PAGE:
Emily brandt


I guess it’s too late to live on the farm

This horizon line is twine held taut
and I am about to pluck it, mistake it

for fuchsia thread of the coat button
in my pocket, mistaken for a Klonopin

prescribed in conjunction with magnesium injection
to still a dizzy head. The injection was long

and warm, looked down to see fuchsia
between these thighs. The next time I was less

lucky and relied on herbs grown in my sister’s
garden turned to tincture with whiskey and honey

infused in moonlight on my grandfather’s land.
He dealt guns. He raised ducks and women

plucked them featherless and warm, a few coins
in their pockets and trigger fingers. They could

shoot the ducks off the horizon line sewn into
the seams of skirts worn working. The seamstress’

steady hand was wife of a man, ate potatoes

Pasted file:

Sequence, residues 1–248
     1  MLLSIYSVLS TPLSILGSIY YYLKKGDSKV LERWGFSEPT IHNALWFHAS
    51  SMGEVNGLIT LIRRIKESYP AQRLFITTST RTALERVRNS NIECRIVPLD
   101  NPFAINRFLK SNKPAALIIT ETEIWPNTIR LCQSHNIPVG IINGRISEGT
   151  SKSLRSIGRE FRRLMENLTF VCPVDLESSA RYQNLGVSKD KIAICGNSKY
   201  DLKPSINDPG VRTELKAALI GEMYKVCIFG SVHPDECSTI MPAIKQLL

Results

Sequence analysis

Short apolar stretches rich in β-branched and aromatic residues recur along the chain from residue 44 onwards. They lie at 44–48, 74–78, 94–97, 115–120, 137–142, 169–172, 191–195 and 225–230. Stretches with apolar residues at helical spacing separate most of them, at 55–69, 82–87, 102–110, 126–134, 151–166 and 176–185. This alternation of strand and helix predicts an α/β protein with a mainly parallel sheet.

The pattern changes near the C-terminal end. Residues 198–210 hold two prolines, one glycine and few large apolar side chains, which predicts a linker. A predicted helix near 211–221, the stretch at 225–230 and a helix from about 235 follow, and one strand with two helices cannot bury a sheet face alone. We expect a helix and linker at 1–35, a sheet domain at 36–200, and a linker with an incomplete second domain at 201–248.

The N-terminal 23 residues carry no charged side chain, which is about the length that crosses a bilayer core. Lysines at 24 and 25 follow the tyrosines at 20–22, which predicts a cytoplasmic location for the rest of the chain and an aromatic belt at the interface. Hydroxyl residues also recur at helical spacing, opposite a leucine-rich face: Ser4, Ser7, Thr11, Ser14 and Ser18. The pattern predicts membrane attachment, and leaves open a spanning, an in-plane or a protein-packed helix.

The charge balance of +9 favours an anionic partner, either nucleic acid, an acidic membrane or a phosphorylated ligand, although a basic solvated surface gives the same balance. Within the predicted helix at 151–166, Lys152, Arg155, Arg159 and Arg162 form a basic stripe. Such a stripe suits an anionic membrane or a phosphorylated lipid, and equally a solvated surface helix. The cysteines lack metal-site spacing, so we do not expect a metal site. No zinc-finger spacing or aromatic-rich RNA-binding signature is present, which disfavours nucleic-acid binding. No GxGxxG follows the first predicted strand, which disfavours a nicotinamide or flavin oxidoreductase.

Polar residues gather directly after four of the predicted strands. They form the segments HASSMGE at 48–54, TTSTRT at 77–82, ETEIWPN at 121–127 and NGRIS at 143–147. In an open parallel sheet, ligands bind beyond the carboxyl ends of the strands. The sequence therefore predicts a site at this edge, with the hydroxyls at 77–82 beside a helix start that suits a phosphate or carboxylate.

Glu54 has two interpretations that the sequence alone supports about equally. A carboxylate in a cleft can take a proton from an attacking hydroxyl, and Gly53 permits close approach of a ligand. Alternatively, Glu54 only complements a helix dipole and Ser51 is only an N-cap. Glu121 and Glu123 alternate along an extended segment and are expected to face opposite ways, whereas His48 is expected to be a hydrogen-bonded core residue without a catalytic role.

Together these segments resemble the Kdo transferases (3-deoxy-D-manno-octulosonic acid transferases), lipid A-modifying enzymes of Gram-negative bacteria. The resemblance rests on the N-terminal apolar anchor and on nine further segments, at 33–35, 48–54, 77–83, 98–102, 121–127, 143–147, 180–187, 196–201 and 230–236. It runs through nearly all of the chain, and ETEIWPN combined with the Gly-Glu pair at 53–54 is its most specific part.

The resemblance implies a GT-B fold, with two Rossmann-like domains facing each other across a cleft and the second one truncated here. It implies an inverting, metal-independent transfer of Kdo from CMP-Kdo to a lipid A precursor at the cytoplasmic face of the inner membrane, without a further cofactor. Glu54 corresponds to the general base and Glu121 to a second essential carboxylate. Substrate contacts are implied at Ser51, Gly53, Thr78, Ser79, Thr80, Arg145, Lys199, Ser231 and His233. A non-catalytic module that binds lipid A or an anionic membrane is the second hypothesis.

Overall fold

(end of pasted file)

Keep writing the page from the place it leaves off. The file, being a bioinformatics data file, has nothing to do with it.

wild and raw, a string connected across water

and whiskey black memory. I guess it’s too late to live
on the farm which stands still like a rifle and surrounded

by houseframes bursting like gadwalls and mallards.
This tincture really works when you take it

with a Klonapin, before hurricanes largely unavailable.
The women walked this farm battening hatches

in broad and foreboding sun. To kill a duck thrust
its head into this funnel and chop and drain

repeat. I guess it’s too late to live on the farm now
that the wind stopped blowing and the tablecloths

have no tables holding their shapes. It’s easy to see the blades
when the fan is off. It’s easy to look straight at the sun

when it’s just about to sink and the spins settle in
to slack heartbeat and stark mind, set

true on the trigger and nothing much to hunt these days.



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